In a major speech on voting rights Thursday, Hillary Clinton laid out a far-reaching vision for expanding access to the ballot box, and denounced Republican efforts to make voting harder.
Speaking at Texas Southern University in Houston, Clinton called for every American to be automatically registered to vote when they turn 18 unless they choose not to be. She backed a nationwide standard of at least 20 days of early voting. She urged Congress to pass legislation strengthening the Voting Rights Act, which was gravely weakened by a 2013 Supreme Court ruling. And she slammed restrictive voting laws imposed by the GOP in Texas, North Carolina, Ohio, and Wisconsin, which she said affect minorities and students in particular.
"We have a responsibility to say clearly and directly what's really going on in our country," Clinton said, "because what is happening is a sweeping effort to dis-empower and disenfranchise people of color, poor people, and young people from one end of our country to the other."
"We should be clearing the way for more people to vote, not putting up every road-block anyone can imagine," Clinton added.
From a political perspective, forthrightly calling out Republican voting restrictions and advocating greater access to voting will likely help Clinton shore up key sections of her base -- minorities and students in particular. And it could put the GOP on notice that further efforts to make voting harder may backfire by giving Democrats a tool to motivate their supporters.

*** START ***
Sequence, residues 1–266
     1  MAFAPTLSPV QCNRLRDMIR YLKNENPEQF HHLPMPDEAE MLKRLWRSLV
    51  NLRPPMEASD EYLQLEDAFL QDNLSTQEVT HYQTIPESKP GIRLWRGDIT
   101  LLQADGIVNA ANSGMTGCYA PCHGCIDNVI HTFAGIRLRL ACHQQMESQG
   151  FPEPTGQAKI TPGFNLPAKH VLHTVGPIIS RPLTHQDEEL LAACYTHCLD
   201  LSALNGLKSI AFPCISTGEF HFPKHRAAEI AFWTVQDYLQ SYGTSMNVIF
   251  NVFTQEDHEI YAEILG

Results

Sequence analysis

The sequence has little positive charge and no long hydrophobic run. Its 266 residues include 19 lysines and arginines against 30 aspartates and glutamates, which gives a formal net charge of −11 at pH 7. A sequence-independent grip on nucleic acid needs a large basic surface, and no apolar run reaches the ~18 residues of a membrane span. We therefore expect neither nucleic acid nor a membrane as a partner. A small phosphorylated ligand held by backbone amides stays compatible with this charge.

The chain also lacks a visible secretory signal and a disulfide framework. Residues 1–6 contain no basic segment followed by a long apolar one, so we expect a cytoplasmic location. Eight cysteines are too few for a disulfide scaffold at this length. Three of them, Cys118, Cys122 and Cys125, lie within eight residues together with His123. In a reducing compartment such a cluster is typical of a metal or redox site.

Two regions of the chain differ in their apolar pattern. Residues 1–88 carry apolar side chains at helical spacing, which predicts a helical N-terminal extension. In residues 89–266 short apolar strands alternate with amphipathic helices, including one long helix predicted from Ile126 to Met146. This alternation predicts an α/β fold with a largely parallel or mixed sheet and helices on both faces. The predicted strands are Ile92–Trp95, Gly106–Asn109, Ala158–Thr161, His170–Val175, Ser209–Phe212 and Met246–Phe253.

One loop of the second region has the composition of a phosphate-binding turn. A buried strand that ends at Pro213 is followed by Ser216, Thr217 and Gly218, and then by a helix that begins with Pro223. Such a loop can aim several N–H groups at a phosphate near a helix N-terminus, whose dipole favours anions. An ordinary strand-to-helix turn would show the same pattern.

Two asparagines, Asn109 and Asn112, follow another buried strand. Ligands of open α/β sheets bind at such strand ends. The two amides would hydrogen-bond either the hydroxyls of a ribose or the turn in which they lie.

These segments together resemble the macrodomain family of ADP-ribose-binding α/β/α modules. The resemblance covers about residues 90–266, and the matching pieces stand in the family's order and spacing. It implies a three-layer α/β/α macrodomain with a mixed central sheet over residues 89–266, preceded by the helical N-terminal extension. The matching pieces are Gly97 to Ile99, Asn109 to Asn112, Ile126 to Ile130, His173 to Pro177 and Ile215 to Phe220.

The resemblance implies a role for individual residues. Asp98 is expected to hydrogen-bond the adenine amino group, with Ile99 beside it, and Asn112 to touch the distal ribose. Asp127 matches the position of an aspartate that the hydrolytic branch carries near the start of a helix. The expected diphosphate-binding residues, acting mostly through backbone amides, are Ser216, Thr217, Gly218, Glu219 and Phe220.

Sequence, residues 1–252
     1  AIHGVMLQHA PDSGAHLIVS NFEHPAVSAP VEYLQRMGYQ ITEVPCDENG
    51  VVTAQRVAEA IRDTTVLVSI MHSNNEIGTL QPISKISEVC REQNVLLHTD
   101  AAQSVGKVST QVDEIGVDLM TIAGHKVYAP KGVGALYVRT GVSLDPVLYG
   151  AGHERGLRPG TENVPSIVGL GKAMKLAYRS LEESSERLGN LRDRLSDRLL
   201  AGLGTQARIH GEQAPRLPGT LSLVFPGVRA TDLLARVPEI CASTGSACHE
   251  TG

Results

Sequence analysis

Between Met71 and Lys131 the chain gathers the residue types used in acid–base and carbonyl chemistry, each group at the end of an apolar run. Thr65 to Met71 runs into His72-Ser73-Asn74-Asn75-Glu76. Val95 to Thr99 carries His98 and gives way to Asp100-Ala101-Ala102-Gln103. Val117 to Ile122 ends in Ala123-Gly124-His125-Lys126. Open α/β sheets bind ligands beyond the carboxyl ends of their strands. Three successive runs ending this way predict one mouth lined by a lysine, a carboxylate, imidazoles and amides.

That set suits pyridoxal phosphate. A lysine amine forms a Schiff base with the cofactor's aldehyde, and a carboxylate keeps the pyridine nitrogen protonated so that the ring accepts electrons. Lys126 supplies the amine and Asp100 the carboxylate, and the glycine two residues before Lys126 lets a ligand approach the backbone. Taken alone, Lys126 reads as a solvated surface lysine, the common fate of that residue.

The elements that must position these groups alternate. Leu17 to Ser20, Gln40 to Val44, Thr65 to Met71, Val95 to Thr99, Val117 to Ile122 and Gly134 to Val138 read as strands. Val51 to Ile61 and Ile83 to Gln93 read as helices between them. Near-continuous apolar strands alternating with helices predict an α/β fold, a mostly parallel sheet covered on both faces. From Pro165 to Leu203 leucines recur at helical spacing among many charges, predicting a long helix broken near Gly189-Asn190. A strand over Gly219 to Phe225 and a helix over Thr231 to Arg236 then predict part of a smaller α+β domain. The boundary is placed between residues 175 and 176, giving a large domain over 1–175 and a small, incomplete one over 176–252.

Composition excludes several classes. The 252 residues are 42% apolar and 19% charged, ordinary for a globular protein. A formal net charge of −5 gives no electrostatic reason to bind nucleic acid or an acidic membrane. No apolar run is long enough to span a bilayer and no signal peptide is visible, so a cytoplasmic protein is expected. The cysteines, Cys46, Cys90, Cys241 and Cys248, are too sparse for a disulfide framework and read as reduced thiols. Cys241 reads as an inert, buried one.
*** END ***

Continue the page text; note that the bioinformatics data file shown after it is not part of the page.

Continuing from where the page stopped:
Clinton, the prohibitive front-runner for the Democratic presidential nomination, called out by name several of her potential 2016 rivals -- Rick Perry, Scott Walker, Jeb Bush, and Chris Christie -- for supporting restrictive voting policies. She said Republicans should stop "fearmongering about a phantom epidemic of voter fraud."
“Finally, a presidential candidate is acknowledging the rampant voting discrimination that has surged since the Voting Rights Act was gutted in 2013," Wade Henderson, CEO of the Leadership Conference on Civil and Human Rights, told msnbc. "Voting is a cornerstone of our nation’s commitment to democracy, and Clinton’s acknowledgment of its importance is noteworthy."